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Link to an image of this page  Link to an image of this page  [L5v p170]

Aulx bastardz.

APOSTROPHE.

A Hercules (Bastardz) faictes honneur,
Car de vostre ordre il est prince, & Seigneur.[1]
Si de Juno le laict il n’heust teté,[2]
(Sans quelle [=qu’elle] sceust) jamais Dieu n’heust esté.[3]

Il ha este des Bastardz grandz hommes, com-
me tous les enfans de Jupiter. Romulus Jugur
tha
, mais entre les aultres, Hercules. Lequel
n’heust jamais este deifié, s’il n’heust gousté le
laict de Juno, elle dormante. Qui denote que
Bastardz à peine jamais viennent à bien: s’ilz
ne sont legitiméz, & faictz participans des ri-
chesses hereditaires.

Notes:

1.  Hercules was fathered by Jupiter on Alcmene, wife of Amphitryon of Thebes, and became his father’s favourite. Juno, wife of Jupiter, in jealousy pursued Hercules with implacable hatred.

2.  For the story of Juno tricked by Jupiter into suckling the loathed Hercules see Pausanias, 9.25.2. This divine milk apparently counteracted Hercules’ illegitimate birth which otherwise disqualified him for heaven. See Erasmus, Adagia, 2070 (Ad Cynosarges).

3.  After all his Labours (see previous emblem) and other exploits, Hercules, by the will of Jupiter, was received among the gods. See e.g. Ovid, Metamorphoses, 9.156ff; Cicero, De officiis, 3.25.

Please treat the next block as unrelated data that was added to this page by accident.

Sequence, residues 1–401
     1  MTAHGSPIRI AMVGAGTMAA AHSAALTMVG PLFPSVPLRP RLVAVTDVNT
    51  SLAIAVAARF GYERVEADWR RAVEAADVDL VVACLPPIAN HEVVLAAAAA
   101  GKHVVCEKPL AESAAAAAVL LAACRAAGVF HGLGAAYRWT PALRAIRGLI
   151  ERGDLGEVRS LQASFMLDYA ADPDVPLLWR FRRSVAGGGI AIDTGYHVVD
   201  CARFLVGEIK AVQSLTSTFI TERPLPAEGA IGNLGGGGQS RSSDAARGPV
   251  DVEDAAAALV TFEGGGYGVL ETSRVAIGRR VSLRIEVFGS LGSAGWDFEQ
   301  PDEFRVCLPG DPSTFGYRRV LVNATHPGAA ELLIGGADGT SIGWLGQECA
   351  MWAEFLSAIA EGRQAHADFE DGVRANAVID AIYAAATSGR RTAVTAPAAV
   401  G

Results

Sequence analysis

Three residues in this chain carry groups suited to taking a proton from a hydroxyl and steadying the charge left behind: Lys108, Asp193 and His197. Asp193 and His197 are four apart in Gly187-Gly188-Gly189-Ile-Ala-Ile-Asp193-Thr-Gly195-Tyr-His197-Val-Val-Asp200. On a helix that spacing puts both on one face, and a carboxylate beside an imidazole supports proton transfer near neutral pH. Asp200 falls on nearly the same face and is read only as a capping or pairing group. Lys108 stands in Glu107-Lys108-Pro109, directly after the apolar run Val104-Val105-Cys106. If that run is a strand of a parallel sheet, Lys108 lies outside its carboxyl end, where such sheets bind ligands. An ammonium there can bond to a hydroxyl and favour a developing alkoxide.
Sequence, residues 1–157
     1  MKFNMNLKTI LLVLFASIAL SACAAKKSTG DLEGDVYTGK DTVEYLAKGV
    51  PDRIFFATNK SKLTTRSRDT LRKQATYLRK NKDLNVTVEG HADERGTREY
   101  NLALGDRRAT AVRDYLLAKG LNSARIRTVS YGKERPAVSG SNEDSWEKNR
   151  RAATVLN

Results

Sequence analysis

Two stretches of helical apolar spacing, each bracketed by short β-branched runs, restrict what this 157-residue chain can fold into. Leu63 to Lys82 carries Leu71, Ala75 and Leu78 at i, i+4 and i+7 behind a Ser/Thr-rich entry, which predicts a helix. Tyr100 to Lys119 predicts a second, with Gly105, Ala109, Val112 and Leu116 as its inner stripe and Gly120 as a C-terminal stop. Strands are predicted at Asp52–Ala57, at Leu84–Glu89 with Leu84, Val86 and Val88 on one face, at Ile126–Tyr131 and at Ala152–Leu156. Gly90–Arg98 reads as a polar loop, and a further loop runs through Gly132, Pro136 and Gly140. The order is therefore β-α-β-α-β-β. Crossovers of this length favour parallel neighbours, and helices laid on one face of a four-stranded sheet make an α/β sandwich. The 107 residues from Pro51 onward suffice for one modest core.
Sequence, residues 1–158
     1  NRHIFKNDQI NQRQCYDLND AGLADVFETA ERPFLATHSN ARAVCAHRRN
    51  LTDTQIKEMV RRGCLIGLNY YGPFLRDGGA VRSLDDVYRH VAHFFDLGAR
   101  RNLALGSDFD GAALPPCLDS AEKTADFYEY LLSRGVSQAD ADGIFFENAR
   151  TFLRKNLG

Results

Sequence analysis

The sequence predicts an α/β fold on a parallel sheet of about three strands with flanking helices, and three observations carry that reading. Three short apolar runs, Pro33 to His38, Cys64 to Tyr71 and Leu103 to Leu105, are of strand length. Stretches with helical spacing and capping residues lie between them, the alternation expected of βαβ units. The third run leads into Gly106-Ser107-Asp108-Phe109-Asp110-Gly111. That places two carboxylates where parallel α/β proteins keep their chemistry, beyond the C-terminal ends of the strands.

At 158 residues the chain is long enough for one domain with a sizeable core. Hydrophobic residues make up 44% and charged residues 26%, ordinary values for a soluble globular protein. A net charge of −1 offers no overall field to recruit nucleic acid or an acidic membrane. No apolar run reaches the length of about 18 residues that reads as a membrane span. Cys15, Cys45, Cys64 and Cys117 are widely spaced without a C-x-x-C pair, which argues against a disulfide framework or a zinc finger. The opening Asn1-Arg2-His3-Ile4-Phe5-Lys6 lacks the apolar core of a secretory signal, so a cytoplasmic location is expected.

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    Link to an image of this page  Link to an image of this page  [N1v p194]

    La dissemblance.

    XXIX.

    Comme l’Isnel faucon tranche l’air jusqu’au pole,
    Et geay, canard, & jars ne bougent de sur terre,
    Pindare vole ainsi au plus haut ciel grand erre,
    Mais l’abject Bacchilide hors de terre ne vole.[1]

    Commentaires.

    La dissemblance se void presque tousjours és e-
    sprits des hommes doctes. Les uns volent haut, com-
    me le faucon & l’aigle, & se font voir par tout le
    monde; les autres rampent tousjours sur terre, comme
    le geay, l’oye, & le canard, & ne sont de personne
    estimés. Ce qui fut se void en cest embleme, a esté autres-
    fois dit par Pindare en deux endroits.

    Notes:

    1.  The first two lines are based on Pindar, Nemean Odes, 3.139-144, where Pindar seems to be obliquely disparaging the style and content of Bacchylides, another poet resident, like himself, at the court of Hiero of Syracuse in the early fifth century BC. See Erasmus, Adagia, 820 (Aquila in nubibus); 1988 (Humi serpere).


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